How does Kate Mara chill? By watching depressing documentaries. The actress, 34, enthusiastically recommends “Mommy Dead and Dearest,” a recent HBO documentary about a young woman who killed her mom — but only after being held captive by her for her entire life.
“I couldn’t sleep for the rest of the night,” Mara recalls. “It was really dark, so shocking.” (For the record, she and her fiance, actor Jamie Bell, also watch “Real Housewives of New York.” “There’s nothing depressing about that. It’s just hilarious,” she says.)
Another Mara-approved depressing documentary? “Blackfish,” the 2013 film about an Orca held by SeaWorld. Always stoked to join up with activist causes, the “House of Cards” alum reached out to its filmmaker, Gabriela Cowperthwaite, to talk shop and maybe work together one day.
And now they have: Mara got Cowperthwaite the job directing “Megan Leavey,” a docudrama about a real-life marine corporal who worked with a dog named Rex that sniffed out IEDs during the Iraq War. After her tour was over, Leavey learned that most combat dogs are put down, at which point she campaigned to adopt her former canine partner.
“I don’t know if a lot of people are aware of what happens with military dogs,” Mara says. “The dogs that protect us don’t choose to do so. We can always strive to do better for them. This is just one story — and there must be hundreds similar to this — about dog marines that need an extra bit of love and care after they come back from war.”
Mara is particularly sensitive to animal cruelty, and not just with dogs. She’s no fan of horses forced to drag carriages around cities. “I freak out every time I see that,” she says. "It’s insane. A horse carrying a carriage in New York City — there’s just no need for that.”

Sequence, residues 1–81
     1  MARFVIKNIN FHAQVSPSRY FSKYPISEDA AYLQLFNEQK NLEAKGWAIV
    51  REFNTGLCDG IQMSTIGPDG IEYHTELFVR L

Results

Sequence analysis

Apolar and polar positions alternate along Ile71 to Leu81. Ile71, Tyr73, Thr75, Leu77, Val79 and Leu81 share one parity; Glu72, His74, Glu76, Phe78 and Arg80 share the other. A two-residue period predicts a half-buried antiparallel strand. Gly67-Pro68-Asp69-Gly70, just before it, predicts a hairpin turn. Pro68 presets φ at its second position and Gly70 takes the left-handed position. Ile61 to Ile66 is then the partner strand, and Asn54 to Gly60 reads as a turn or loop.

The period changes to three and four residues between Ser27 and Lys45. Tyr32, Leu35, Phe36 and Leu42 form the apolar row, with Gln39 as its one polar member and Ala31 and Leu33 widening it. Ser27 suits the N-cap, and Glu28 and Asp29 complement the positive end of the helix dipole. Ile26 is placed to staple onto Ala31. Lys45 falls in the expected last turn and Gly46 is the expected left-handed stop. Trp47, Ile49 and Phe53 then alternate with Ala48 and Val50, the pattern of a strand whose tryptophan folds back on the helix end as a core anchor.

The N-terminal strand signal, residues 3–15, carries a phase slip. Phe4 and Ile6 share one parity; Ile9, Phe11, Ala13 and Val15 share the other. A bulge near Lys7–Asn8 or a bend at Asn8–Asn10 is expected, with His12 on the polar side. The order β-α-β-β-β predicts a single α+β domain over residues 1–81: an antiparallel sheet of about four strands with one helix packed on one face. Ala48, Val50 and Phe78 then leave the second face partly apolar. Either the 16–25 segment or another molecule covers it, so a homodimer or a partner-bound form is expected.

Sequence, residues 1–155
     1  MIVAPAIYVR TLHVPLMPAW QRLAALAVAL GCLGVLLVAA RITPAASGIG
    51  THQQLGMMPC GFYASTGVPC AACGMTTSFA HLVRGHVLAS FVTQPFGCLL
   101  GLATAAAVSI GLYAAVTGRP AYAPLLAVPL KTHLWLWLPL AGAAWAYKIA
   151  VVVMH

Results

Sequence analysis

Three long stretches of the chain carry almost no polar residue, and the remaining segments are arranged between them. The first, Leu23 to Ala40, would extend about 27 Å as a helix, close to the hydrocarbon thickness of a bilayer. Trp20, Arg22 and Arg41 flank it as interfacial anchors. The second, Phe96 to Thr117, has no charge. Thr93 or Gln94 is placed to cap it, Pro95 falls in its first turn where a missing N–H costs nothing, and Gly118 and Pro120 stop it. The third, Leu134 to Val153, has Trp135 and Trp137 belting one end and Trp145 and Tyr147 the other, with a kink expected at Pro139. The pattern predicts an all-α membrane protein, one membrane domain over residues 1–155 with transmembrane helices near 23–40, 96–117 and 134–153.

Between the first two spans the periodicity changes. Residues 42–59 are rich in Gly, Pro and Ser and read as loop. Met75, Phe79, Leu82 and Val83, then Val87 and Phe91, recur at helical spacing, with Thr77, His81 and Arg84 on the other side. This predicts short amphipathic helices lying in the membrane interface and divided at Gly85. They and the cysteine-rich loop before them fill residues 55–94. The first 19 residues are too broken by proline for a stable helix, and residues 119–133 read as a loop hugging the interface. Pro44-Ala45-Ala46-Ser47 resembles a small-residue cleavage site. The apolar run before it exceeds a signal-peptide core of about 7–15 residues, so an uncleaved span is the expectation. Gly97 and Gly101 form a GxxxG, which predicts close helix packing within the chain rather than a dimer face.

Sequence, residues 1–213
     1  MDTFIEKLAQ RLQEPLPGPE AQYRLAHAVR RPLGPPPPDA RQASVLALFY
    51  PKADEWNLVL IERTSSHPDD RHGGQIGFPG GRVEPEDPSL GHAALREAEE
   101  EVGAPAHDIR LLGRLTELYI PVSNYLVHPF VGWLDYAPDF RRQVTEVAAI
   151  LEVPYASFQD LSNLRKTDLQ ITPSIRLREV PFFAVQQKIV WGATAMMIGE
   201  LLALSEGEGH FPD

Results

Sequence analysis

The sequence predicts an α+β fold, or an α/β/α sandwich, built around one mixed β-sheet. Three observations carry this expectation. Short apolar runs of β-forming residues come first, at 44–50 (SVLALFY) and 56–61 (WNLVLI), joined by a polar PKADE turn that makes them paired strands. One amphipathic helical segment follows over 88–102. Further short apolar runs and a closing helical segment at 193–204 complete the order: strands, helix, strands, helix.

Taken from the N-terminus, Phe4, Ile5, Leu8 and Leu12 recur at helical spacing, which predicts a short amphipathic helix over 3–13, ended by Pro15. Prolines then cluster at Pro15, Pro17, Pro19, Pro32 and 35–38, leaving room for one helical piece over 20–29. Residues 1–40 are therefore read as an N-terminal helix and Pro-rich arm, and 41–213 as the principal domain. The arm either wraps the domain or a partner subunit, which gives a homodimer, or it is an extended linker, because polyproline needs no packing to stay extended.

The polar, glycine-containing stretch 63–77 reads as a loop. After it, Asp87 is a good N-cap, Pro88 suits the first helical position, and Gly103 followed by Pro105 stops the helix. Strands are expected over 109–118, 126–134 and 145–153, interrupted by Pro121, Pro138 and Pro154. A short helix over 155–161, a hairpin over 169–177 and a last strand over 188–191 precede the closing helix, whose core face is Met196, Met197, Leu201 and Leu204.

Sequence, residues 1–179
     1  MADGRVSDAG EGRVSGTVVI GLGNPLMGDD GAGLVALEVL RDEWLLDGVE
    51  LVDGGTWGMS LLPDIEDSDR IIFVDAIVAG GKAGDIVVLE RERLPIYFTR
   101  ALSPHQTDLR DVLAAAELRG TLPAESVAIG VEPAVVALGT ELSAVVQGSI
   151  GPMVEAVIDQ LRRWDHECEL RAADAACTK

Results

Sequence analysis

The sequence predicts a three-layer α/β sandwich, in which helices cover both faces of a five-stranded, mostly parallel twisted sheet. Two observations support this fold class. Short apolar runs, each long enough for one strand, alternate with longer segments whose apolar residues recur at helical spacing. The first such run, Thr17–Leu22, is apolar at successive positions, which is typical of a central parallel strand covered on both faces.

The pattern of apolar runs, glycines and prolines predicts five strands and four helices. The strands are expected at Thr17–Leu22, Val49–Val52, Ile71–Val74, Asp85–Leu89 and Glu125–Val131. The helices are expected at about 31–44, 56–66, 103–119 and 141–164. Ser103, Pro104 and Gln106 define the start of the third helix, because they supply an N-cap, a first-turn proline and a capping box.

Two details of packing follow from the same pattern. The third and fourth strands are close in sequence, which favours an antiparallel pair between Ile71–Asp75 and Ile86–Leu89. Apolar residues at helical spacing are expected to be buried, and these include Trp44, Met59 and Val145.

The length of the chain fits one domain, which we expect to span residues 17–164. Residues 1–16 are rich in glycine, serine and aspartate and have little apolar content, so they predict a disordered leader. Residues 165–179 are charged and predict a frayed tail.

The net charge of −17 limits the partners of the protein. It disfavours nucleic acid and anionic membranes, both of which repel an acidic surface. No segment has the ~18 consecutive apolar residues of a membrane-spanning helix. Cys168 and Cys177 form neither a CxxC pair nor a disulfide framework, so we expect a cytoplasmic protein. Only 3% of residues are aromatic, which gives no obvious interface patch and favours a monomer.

A proud dog owner — she's said her dogs will be attending her and Bell's wedding, and as we speak on the phone, she has to audibly swat a couple of them away as they jump up seeking food scraps — Mara inevitably bonded with Varco, the German Shepherd who played Rex.
“There’s this thing people say: ‘Don’t ever act with kids and dogs,’” Mara says, alluding to a line usually attributed to the peerlessly grouchy W.C. Fields. She doesn’t feel that way. “I played a mom in a couple different movies over the past two years, and it was such a good experience. There’s something similar in children and in dogs, where they really can’t be anything but honest. They have to trust you; you can’t fake it. And they teach you empathy and compassion.”
“Megan Leavey” was Rex’s first film, though you wouldn’t know that.
“He was constantly outshining me,” Mara recalls. “Usually his takes were best on the very first one, so everyone had to be super-prepared from the second we stepped on set.”
Mara has actually not kept in touch with Varco since they wrapped. “I don’t have his number. I don’t know what he’s up to these days,” she says. “I hope he’s living on a ranch and running around and just being a dog.”
Our chat inevitably turns to “House of Cards,” her old hit show, whose fifth season just landed on Netflix, though she confesses she's a bit behind.
“The only thing I haven’t seen is the last season, so I have to bingewatch it,” Mara explains. “But everything else after my character died I watched along with everyone else, since I love the show. It’s a perk to not being on a show you love: You can watch it without being judgmental of your own performance.”
That’s a line you often hear from actors — that they hate watching themselves. When we bring up Samuel L. Jackson, who’s said he loves seeing his movies in theaters along with everyone else, she replies: “But he’s the coolest man of all time. Of course, he’s not like that.”
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